The findings are likely to horrify the rising number of people who are banishing gluten from their daily diet, encouraged by fashionable “clean eating” gurus such as Jasmine and Melissa Hemsley.

I have, in fact, noticed a lot of horrified expressions on faces in my area recently, but I figured it was because so many people are moving here from Illinois and California.

The Harvard team examined 30 years of medical data from nearly 200,000 patients. They found that most participants had a gluten intake of below 12g a day, which is roughly the equivalent to two or three slices of wholemeal bread.

Within this range, those eating the highest 20 per cent of gluten had a 13 per cent lower risk of developing Type 2 diabetes compared with those eating up to 4g a day. The study showed that those who eat less gluten also tended to eat less cereal fibre, a substance known to protect against diabetes.

Apparently Type 2 diabetes is like a virus that attacks and invades your body unless you have some kind of protection against it – protection that can only come from cereal fiber.

Boy, if only we could test that idea by comparing the before-and-after health status of humans who didn’t eat any grains at all, then started eating grains after being conquered by grain-eating people with better weapons. I’m sure the record would show that they were riddled with Type 2 diabetes until they were forced to become “civilized” and live on grains.

Unfortunately, the humans who didn’t live on gluten-containing grains quickly became extinct. I know this because …

Horror #4: Your babies will die

Here are some quotes from a U.K. Daily Mail article with the rather long title of Malnourished seven-month-old baby dies weighing just 9lbs in Belgium after his parents fed him a gluten-free diet which included quinoa milk.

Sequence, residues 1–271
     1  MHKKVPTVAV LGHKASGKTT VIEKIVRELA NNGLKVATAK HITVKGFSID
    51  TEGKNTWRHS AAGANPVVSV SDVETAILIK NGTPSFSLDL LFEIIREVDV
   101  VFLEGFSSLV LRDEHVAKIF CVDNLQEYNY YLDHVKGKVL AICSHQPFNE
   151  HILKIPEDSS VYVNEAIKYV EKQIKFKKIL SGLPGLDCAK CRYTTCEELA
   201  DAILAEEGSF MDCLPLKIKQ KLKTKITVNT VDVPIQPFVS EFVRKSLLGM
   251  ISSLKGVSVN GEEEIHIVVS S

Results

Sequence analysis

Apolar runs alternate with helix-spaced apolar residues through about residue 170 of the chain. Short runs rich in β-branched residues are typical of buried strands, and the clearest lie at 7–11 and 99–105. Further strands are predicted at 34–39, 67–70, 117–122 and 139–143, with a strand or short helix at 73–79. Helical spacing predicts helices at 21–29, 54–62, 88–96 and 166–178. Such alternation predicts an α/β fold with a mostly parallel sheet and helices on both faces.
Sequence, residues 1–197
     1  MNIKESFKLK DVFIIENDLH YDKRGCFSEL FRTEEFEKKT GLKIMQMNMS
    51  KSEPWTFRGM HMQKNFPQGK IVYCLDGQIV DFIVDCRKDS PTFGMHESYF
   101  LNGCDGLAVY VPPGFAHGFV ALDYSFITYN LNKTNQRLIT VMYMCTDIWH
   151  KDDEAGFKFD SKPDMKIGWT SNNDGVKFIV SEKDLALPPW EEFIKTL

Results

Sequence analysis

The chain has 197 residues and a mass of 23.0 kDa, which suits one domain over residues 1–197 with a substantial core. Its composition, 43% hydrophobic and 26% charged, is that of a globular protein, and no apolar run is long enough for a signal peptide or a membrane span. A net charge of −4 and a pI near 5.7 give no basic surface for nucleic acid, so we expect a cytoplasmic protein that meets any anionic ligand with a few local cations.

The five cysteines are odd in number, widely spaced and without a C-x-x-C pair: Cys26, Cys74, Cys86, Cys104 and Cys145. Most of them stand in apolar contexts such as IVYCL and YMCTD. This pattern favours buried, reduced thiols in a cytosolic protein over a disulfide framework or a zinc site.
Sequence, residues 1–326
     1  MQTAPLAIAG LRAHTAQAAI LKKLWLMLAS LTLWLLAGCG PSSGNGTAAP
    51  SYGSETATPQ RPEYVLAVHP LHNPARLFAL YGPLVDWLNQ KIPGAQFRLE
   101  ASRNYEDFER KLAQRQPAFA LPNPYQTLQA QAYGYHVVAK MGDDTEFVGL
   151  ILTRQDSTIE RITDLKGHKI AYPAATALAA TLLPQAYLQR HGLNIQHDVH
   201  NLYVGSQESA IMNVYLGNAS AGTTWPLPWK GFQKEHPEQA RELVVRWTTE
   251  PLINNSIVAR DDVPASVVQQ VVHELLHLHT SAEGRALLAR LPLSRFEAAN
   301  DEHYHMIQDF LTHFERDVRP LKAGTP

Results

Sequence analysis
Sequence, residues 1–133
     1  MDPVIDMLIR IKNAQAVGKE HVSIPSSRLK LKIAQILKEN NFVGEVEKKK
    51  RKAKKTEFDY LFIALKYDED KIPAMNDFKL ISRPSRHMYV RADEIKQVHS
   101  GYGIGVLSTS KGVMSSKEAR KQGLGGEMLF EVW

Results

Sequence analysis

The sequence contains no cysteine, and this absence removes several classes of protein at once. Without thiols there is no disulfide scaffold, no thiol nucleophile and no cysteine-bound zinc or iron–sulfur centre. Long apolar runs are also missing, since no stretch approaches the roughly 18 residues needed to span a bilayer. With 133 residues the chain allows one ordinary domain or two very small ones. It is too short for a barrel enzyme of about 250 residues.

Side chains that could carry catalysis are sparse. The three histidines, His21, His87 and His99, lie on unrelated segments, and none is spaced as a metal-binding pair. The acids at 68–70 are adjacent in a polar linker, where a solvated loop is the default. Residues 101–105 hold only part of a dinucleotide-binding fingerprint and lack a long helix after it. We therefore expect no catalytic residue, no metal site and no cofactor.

A malnourished seven-month-old baby has died weighing just 9lbs after his parents fed him a gluten-free diet which included quinoa milk.

That’s horrible and I hope the parents are prosecuted. But since we were told earlier we need to eat grains like quinoa to avoid dying, I’m trying to figure out how the gluten-free aspect of the diet caused a baby to die.

The parents, who run a natural food store in their hometown, fed their child on a special milk diet.

According to their lawyer Karine Van Meirvenne the parents thought Lucas had an eating problem. Van Meirvenne said: ‘Lucas had an eating disorder. He got cramps when he was fed with a bottle and his parents tried out alternatives. Oat milk, rice milk, buckwheat milk, semolina milk, quinoa milk. All products which they also sell in their store.’

Gluten-free was the problem? I’ll bet you dollars to donuts (and you can keep the donuts) the parents had the baby on a vegan diet. Only a shill for the Save The Grains Campaign would blame a lack of gluten without asking if the parents are also vegans.

So there you have it. Eat your grains and your gluten, or you’ll develop diabetes, fill up with mercury, then get sick and die. Oh, and your kids will die too.

This is, of course, complete nonsense. But the shills for the Save The Grains Campaign assure us there’s just scads and scads of evidence that whole grains prevent disease. We’ll look at some of that evidence in an upcoming post.


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Back in June, I wrote a post titled This Pretty Much Explains What Went Wrong.  The post featured a Wall Street Journal report about how the FDA is still considering whether to change its definitions of healthy and unhealthy foods.  Under the current definitions, an avocado is an unhealthy food, while Frosted Flakes are good for you because they’re low in fat.  That’s the kind of advice that turned us into a nation of fat diabetics.

I recently found another example of what went wrong on one of our bookshelves.  When we bought this place, we told the previous owner to just leave anything she didn’t want to move and we’d deal with it.  We’ve since re-purposed a lot of old farm gear she left behind.